The Political Dimension of Architecture

Architecture has always influenced the structure of our society. The built environment around us has knowingly-unknowingly shaped our social and personal lives. But have you ever thought what is the driving force behind architecture? Why are certain built environments built the way they are? What is it that defines the urbanity of our surroundings? What is the deciding factor that forms the urban fabric of your cities? Don’t you think, politics is the answer! Architecture and politics work in synergy giving rise to the urban fabric of our society. There is a strong link between the two that needs to be understood by the architectural community today.

Politics & Architecture

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Urban streets as a stage for protests

Politics and Architecture are closely related. The architectural processes have huge dependencies on laws, rules, findings, and policies, etc. Thus, the onus to make decisions for any architectural development lies on the political sake holders of the region. Can architects and designers have a say in these policy-making systems? It is worth thinking if architects can influence the political agendas? The architectural community can have a look at the current scenario and how politics and architecture thrive symbiotically. This will help us to chalk out architectural design agendas that can impact politics and shape the politics of the future rather than politics shaping the future of architecture.

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Politics and Architecture

But does architecture have the power to disrupt the current political stances and restructure a better one? Design is the tool that architects have to influence the politics of the coming years. With a series of societal changes and activism around the corners, architecture must delve into social issues and aim at contributing to solving more serious issues of governance and urbanism.

Architecture can become a political weapon since the built environment stands to reflect the values of the society, Architects can voice opinions and influence the community to think about who we as a society want to be. Thus architects have a big responsibility to influence the opinions and views of the masses as this profession has the tools to strike a debate, critique the status quo, envision, and present the public with better solutions.

The Political Dimension

The way social activism tries to push people and the governments to rethink the policies and systems, architects must also try to push for societal issues through design solutions. We can also stage our activism to push for better policymaking and inclusions of the architectural community in urban decisions and planning committees thus trying to shift the focus from politics-led architectural development to a more need-based sustainable architectural development. There is a need for representation from architectural communities in the decisions making systems for cities and built environments, rather than just designing as prescribed by the ruling parties ad their political agendas.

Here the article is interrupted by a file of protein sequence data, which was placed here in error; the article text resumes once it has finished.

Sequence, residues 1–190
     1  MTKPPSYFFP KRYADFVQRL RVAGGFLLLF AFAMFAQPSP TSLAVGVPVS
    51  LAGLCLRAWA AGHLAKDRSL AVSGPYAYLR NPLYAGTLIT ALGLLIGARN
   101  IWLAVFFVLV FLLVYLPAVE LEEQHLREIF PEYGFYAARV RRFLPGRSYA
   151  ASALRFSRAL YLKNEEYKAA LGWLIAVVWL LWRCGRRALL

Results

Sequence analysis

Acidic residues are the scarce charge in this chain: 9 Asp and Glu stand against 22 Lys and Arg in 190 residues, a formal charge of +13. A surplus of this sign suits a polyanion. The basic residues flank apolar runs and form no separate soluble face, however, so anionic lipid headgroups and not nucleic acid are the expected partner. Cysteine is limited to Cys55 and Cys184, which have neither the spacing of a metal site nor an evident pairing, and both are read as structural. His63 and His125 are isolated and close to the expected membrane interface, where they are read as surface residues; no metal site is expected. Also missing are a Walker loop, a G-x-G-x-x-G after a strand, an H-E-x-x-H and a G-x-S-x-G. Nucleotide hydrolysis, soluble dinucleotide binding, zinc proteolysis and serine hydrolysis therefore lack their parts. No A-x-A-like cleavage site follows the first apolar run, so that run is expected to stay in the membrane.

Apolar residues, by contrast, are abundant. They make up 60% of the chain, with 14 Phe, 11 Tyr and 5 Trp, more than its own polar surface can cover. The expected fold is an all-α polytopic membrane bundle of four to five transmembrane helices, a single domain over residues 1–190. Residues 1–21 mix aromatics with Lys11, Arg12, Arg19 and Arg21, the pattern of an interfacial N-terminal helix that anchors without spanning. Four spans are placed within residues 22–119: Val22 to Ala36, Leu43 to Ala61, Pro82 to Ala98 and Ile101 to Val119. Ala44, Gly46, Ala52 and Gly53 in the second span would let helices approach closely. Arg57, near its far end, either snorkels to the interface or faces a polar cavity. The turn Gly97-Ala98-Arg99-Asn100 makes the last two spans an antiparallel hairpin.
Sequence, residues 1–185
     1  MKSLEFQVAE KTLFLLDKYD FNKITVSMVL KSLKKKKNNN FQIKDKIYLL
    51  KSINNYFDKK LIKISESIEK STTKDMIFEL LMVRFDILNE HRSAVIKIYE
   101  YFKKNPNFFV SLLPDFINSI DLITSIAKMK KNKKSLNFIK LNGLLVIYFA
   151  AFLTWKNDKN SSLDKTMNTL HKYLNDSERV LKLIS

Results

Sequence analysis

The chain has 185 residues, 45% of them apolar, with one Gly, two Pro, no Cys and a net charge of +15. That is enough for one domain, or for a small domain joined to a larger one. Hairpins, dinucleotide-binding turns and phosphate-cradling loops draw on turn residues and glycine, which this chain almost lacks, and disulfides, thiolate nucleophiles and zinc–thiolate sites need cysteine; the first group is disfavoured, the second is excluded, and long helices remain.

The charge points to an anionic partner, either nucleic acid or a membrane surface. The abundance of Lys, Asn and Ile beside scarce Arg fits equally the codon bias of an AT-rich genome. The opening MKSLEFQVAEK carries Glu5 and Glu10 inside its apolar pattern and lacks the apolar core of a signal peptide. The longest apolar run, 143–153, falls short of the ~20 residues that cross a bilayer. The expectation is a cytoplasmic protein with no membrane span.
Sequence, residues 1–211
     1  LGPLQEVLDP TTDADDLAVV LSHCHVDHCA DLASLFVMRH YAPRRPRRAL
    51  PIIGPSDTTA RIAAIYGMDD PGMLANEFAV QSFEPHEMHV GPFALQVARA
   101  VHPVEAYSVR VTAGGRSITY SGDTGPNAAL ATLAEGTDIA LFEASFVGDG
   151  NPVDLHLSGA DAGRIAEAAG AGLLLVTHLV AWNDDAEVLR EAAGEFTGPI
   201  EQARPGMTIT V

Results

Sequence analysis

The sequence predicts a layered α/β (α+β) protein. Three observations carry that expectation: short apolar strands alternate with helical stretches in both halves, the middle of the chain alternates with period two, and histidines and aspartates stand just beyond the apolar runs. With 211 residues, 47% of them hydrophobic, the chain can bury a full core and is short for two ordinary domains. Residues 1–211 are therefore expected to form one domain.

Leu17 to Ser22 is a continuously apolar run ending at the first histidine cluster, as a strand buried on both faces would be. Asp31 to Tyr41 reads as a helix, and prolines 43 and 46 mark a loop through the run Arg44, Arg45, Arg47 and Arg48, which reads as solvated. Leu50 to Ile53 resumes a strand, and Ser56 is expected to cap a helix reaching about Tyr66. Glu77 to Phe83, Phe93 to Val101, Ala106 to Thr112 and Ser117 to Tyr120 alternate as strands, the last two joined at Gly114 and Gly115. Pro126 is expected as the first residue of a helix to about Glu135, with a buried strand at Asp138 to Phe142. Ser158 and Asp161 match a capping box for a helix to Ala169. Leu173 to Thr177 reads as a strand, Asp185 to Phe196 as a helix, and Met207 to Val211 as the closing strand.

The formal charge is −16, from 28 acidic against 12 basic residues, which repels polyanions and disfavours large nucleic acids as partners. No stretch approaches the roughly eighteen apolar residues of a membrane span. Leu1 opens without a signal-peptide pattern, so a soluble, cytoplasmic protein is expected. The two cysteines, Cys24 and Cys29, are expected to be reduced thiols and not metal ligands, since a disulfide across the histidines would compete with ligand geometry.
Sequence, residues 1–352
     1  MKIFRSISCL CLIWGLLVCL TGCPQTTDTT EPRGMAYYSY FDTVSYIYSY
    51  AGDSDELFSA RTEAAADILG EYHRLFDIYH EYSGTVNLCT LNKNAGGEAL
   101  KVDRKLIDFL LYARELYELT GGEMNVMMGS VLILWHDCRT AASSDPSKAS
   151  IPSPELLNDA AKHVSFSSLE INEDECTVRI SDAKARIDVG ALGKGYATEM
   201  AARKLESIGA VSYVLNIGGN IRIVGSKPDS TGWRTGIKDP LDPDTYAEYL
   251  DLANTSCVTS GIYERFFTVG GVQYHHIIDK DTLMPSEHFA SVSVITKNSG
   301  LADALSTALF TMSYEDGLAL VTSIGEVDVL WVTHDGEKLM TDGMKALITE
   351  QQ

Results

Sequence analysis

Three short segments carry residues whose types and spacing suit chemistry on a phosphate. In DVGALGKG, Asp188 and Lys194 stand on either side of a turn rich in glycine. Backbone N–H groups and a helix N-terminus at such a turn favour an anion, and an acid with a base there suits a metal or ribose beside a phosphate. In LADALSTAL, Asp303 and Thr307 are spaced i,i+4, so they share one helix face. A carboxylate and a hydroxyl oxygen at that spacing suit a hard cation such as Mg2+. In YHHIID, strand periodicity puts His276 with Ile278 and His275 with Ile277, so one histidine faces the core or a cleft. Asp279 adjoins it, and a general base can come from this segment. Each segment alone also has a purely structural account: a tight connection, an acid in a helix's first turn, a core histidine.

Thus, we can say that architecture surely has a political dimension. The need is to identify and work on these dimensions efficiently. The architectural environment has the power to encourage as well as discourage certain activities and practices in society. Architecture has the great potential to make people think! It enables the masses to view public issues, have an opinion on them, and express their views in a better way. Thus, as architects have the power to design and profess the societal life, we must advocate for change, highlight the shortcomings, and design for social progress; through design as well as activism.

All in All

It is rare that architects get involved in a political debate, or publicly express a political opinion. But isn’t it better that if we can have an opinion and influence the masses in the right direction, it needs to be done? We have the power of design thinking, we can visualize and looks at issues from a problem-solving edge, moreover, we have the tools and skills to understand users, empathize with users’ needs, and design for a better user experience. Then is it not possible that we look at policies and governance with the same ideology and help the masses to have a perception of politics through our design ideologies and thought processes? Can we not influence them in the right direction and voice out concerns in a way to stop political agendas from overpowering the urban fabric.

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Sudarshan Uppunda
Sudarshan Uppunda
Born & brought up in Bombay, based in Bengaluru, Sudarshan is an ambivert who can be outgoing-open and reserved at the same time. It all depends on the vibes! He deeply believes in vibes and personal energies. As an Architectural Journalist and Architect, he aims to write in a way that his content is relatable for all. Design is what interests him the most and he keeps trying his hand at different design verticals such as graphic, UI & UX design at times. He likes to write and explore varied topics on Workplace environments, Architecture, and Culture. He is quite active in architectural content writing and has written for various platforms like RTF, The Arch Insider, Gharpedia, etc. He strongly believes that whatever one does in life, one must do it with passion & be happy with it.

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